From Asylum to Haunted House: The Unexpected Story of Peoria State Hospital in Bartonville, IL

A Humble Beginning

In the heart of Illinois, nestled near the city of Peoria in Bartonville, stands the vestiges of an institution that was once a beacon of hope for the mentally ill.

The Peoria State Hospital, initially known as the ‘Illinois Asylum for the Incurable Insane,’ has a rich history from 1895. This hospital was not merely a medical institution; it was a testament to the resilience and vision of its founders.

The establishment of the hospital resulted from the proactive measures of the Illinois General Assembly. Governor John Altgeld appointed a three-person commission responsible for selecting the site, and Bartonville was chosen.

The first building, completed in 1897, was never used due to compromised structural integrity caused by abandoned mine shafts. This setback, however, did not deter the hospital’s mission.

In 1902, under the innovative guidance of Dr. Frederick Howard Wines, the hospital transformed, adopting a cottage system that resulted in the construction of 33 buildings.

Years of Service and Enduring Impact

Opening its doors in 1902, The Illinois Hospital for the Incurable Insane emerged as a haven for those believed to be beyond help. The facility later became known as the Illinois General Hospital for the Insane, and by 1909, it was recognized as Peoria State Hospital.

The leadership under Dr. George Zeller, a man ahead of his time, was instrumental in shaping the hospital’s reputation. His holistic approach to therapy was groundbreaking and changed the lives of many patients.

Dr. Zeller removed all bars from the windows, took away all forms of restraint, and began a new, compassionate approach to therapy. This revolutionary concept of treating mental illness humanely made him a maverick in the eyes of many.

The hospital gained recognition as the leading institution in patient recovery for an impressive 69 out of its 71 years of operation, a clear indicator of the success of Zeller’s approach. It also housed a highly respected nursing program, further elevating its standing.

The hospital peaked in the 1950s, with 2,800 patients calling it home. However, the patient census had dropped to 600 when its closure was announced in 1972. The closure was met with employee protests, but lacking funding and staffing led to its inevitable end in 1973.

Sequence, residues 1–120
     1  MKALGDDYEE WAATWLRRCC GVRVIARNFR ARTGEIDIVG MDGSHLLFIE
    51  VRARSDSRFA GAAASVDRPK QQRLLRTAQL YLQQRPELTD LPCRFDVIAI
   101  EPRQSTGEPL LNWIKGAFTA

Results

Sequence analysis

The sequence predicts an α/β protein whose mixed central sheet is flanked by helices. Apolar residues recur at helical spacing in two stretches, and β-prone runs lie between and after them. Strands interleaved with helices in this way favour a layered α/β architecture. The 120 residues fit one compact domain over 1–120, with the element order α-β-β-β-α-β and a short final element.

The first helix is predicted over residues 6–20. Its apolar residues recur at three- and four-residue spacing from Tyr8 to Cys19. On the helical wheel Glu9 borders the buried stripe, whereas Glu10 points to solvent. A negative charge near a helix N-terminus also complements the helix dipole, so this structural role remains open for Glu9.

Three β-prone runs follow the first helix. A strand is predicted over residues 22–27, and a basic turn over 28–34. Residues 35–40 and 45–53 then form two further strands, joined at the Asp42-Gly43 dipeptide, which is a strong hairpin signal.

From Closure to Modern Era

After the closure, the buildings stood vacant and were auctioned off. Winsley Durand Jr., a developer, acquired the hospital with the vision of transforming the structures into office spaces, but his plans never fully materialized.

As time passed, many of the original structures were torn down, with the remaining ones refurbished to accommodate a range of commercial and industrial businesses. The Village of Bartonville marked the entire area as a TIF district to promote continued growth and revitalization.

Unfortunately, the Bowen building, the nurses’ dorm, and the administration building were demolished in 2016. The loans taken for the demolition remain unpaid to the Village of Bartonville, leaving a bitter reminder of the historical loss.

Supernatural Connections and Public Engagement

Despite its closure, the hospital continued to draw visitors due to reported paranormal activity. The grounds became a hotspot for paranormal enthusiasts, and stories of the property being haunted began to circulate.

One such tale involves Manuel A. Bookbinder, a former patient at the hospital who worked with the burial crew. According to the tale, Bookbinder’s ghost was seen by 400 staff and patients at his funeral, a sight that led to his coffin being opened to confirm his body was still inside.

Peoria State Hospital recently reopened its doors for public tours, allowing the curious and the brave to walk through the historic buildings. Tours include the monument area, the four cemeteries, and the Old State Mine Haunted Trail.

The Peoria State Hospital Museum even started offering private asylum tours, where guides lead guests to paranormal hotspots inside the building, leaving guests alone to explore the property.

A Final Reflection

The Peoria State Hospital was more than just a medical institution. It was a beacon of hope for those shunned by society, a sanctuary where they were treated with compassion and dignity.

The hospital’s legacy, from its inception to its closure and beyond, is a testament to the resilience and vision of its founders and the enduring spirit of those who walked its halls. It is a stark reminder of our society’s evolving approach to mental health and the necessity of preserving such historical institutions.

While the hospital no longer serves its original purpose, it remains interesting. It welcomes the public to immerse themselves in its rich history, to walk its haunted trails, and to remember a time when this place was a refuge that society had deemed ‘incurable.’

The Peoria State Hospital is a testament to the passage of time, the evolution of mental health care, and the enduring spirit of humanity.

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